Gastroesophageal Reflux Disease (GERD)

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Gastroesophageal Reflux Disease (GERD)

Gastroesophageal Reflux Disease (GERD)

Gastroesophageal Reflux Disease (GERD)

Over 60 million adults experience heartburn at least once a month, and more than 15 million face it daily. GERD, or Gastroesophageal Reflux Disease, is a digestive disorder where stomach acid regularly flows back into the mouth through the esophagus. This condition can cause various symptoms such as heartburn, acid indigestion and difficulty swallowing. GERD can significantly affect a person’s quality of life if left untreated. We will help educate you on symptoms, and treatments of GERD to help you better understand this condition and how to manage it effectively.

Who gets Gastroesophageal Reflux Disease (GERD)?

Approximately 20% of the U.S. population experiences GERD. It can develop in individuals of any age, but the risk of having some form of GERD, whether mild or severe, tends to increase after age 40.

Certain factors can make a person more prone to GERD. These include:

  • Being overweight or obese
  • Pregnancy
  • Smoking or exposure to second-hand smoke (Cleveland Clinic)

What are the Symptoms of Gastroesophageal Reflux Disease (GERD)?

The primary and most common symptom is heartburn, which manifests as a burning sensation starting from the chest and rising toward the neck and throat. Some may perceive it as food returning to the mouth, accompanied by an unpleasant acidic or bitter taste. It is crucial to differentiate between heartburn and heart disease or a heart attack, as they have distinguishing characteristics.

Heart disease pain typically worsens with physical exertion. It improves with rest, while heartburn pain is less likely to be triggered by physical activity. If you experience any chest pain, it is recommended to seek immediate medical assistance to ensure proper evaluation.

In addition to pain, GERD can manifest through various other symptoms, including:

  • Nausea
  • Unpleasant breath odor
  • Difficulty breathing
  • Swallowing difficulties
  • Vomiting
  • Erosion of tooth enamel
  • A sensation of a lump in the throat

For those who experience acid reflux at night, they may also encounter:

  • Persistent cough
  • Hoarseness (laryngitis)
  • Sudden or aggravated asthma symptoms
  • Disrupted sleep patterns

(John Hopkins)

How to Treat Gastroesophageal Reflux Disease (GERD)?

The treatment of GERD (gastroesophageal reflux disease) usually involves a combination of lifestyle modifications, medications, and in some cases, surgical interventions.

Here are the common approaches to treating GERD:

Lifestyle Changes

Making certain adjustments to your daily habits can help manage GERD symptoms.

These include:

  • Avoiding trigger foods and beverages that can worsen reflux, such as spicy foods, citrus fruits, fatty foods, caffeine, and alcohol.
  • Eating smaller, more frequent meals and avoiding large meals.
  • Not lying down or going to bed immediately after eating. Wait at least 2 to 3 hours before lying down.
  • Elevate the head of your bed by about 6 to 8 inches to prevent acid reflux during sleep.
  • Losing weight if you are overweight or obese.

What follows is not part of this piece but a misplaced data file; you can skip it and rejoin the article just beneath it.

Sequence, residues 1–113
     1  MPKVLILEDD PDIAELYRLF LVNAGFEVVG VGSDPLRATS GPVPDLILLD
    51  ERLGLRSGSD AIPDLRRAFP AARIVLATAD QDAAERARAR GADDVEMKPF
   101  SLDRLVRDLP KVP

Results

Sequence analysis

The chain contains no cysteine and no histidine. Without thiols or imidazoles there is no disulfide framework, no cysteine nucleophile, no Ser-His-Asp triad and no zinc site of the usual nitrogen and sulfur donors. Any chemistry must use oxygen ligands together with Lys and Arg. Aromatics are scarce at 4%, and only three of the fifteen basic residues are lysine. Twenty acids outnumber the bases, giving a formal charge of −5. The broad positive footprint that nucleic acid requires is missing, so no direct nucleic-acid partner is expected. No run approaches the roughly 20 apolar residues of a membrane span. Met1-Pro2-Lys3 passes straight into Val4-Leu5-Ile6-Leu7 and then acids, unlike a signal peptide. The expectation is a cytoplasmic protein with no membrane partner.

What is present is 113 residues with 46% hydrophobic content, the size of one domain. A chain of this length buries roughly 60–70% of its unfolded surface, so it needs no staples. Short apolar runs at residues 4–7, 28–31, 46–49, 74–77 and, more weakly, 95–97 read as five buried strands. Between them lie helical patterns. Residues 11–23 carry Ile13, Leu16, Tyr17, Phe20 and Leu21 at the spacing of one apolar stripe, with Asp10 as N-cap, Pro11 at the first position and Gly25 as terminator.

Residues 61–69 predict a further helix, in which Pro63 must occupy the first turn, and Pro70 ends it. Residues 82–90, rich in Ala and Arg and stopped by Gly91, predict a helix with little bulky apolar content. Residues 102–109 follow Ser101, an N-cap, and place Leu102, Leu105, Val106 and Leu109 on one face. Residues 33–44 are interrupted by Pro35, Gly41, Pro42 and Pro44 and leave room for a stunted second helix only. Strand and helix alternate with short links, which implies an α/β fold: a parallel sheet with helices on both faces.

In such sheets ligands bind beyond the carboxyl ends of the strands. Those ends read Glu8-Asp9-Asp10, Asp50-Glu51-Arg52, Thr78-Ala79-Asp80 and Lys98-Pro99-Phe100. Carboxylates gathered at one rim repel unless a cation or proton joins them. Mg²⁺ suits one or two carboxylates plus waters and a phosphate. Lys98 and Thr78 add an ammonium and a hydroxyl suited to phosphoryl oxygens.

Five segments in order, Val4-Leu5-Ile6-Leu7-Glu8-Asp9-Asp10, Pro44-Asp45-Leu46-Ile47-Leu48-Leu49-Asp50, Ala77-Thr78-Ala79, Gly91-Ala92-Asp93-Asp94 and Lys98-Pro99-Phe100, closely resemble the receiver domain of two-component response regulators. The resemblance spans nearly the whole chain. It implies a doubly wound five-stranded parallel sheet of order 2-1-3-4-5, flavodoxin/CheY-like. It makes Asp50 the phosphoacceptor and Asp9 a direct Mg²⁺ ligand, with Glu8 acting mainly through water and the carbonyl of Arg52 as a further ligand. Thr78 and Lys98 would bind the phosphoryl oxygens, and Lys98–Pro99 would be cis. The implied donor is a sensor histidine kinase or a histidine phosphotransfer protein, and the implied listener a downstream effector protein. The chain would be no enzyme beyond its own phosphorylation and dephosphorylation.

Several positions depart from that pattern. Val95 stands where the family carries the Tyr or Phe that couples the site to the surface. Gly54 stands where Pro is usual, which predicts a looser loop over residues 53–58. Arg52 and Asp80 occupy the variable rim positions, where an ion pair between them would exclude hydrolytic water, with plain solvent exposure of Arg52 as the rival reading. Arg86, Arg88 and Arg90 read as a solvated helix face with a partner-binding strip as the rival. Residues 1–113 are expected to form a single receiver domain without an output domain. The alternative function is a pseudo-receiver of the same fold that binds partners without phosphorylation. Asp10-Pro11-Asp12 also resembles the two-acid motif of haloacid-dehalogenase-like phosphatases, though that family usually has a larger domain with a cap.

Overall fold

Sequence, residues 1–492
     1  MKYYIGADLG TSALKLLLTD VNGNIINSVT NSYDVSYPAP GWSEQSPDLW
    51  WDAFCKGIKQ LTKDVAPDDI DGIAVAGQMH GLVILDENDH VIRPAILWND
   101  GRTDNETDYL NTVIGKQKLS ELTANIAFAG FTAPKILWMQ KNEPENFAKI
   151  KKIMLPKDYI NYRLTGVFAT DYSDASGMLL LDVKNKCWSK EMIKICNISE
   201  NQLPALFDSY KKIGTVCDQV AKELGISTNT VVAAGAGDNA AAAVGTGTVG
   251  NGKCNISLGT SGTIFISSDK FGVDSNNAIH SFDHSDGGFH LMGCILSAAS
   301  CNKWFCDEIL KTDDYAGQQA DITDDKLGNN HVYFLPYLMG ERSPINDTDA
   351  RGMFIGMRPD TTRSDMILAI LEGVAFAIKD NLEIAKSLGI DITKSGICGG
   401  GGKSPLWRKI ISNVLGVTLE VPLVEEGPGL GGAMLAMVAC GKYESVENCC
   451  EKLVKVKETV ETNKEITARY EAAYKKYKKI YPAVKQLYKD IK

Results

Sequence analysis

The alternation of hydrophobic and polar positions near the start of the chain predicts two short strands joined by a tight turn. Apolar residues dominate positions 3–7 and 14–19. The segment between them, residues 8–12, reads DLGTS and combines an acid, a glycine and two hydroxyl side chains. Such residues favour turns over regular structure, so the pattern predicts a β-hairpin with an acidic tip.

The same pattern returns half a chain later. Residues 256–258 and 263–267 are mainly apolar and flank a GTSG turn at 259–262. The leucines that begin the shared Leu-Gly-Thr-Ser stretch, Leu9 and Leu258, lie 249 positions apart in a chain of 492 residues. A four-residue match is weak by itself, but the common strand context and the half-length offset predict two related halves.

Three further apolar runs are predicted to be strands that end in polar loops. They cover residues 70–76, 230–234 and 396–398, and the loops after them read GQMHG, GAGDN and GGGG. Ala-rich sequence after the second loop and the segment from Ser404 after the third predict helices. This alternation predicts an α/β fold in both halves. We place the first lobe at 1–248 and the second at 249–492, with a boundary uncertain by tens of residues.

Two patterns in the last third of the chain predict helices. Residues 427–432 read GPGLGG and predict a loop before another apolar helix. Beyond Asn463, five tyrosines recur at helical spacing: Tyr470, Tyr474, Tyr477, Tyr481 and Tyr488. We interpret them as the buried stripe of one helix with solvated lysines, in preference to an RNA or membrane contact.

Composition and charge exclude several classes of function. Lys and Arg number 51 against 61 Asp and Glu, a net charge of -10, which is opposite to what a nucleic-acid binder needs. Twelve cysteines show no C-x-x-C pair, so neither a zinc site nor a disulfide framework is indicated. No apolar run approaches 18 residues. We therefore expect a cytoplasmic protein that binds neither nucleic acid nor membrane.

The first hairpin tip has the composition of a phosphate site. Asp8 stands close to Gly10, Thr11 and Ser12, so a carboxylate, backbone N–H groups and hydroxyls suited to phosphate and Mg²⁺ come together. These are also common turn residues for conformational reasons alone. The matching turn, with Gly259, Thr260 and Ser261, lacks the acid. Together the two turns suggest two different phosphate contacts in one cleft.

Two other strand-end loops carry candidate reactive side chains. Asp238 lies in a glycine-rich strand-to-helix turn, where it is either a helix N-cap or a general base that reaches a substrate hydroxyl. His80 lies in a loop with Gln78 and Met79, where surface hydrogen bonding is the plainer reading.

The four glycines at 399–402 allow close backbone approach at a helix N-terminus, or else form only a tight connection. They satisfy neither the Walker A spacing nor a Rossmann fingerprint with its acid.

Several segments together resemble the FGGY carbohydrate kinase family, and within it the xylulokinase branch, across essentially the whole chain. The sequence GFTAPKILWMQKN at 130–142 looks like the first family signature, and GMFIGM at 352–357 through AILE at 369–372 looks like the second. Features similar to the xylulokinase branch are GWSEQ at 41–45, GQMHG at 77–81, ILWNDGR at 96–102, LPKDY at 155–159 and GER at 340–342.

• Quitting smoking, as smoking weakens the lower esophageal sphincter (LES), allowing stomach acid to reflux into the esophagus.

Medications for Gastroesophageal Reflux Disease (GERD)?

Your healthcare provider may prescribe medications to reduce acid production, strengthen the LES, or alleviate symptoms. These may include:

  • Proton pump inhibitors (PPIs): These drugs reduce the production of stomach acid and can provide long-term relief.
  • H2 receptor blockers: These medications reduce stomach acid production but are less potent than PPIs.
  • Antacids: Over-the-counter antacids can provide short-term relief by neutralizing stomach acid.
  • Prokinetics: These medications help improve food movement through the digestive tract, reducing reflux.

Surgical interventions

In more severe cases of GERD that don’t improve with lifestyle changes and medications, surgery may be an option. The most common surgical procedure for GERD is called fundoplication. During this procedure, the upper part of the stomach is wrapped around the lower esophageal sphincter to reinforce it and prevent acid reflux. (WebMD)

If you suspect you have GERD, it’s important to speak with your healthcare provider to get an accurate diagnosis and develop an effective treatment plan. With the right care and management, it is possible to have and improved quality of life with GERD.

Work Cited

professional, Cleveland Clinic medical. “Gerd (Chronic Acid Reflux): Symptoms, Treatment, & Causes.” Cleveland Clinic, my.clevelandclinic.org/health/diseases/17019-gerd-or-acid-reflux-or-heartburn-overview#:~:text=Anyone%20of%20any%20age%20can,Have%20overweight%2Fobesity.

Johns Hopkins Medicine. “Gastroesophageal Reflux Disease (GERD).” Gastroesophageal Reflux Disease (GERD) | Johns Hopkins Medicine, www.hopkinsmedicine.org/health/conditions-and-diseases/gastroesophageal-reflux-disease-gerd#:~:text=Gastroesophageal%20reflux%20disease%20(GERD)%20is,esophagus%2C%20pharynx%20or%20respiratory%20tract.

WebMD. “Gerd: Symptoms, Causes, Treatments, Remedies for Relief.” WebMD, www.webmd.com/heartburn-gerd/guide/reflux-disease-gerd-1.

# Tags:
GERD (gastroesophageal reflux disease), Heartburn
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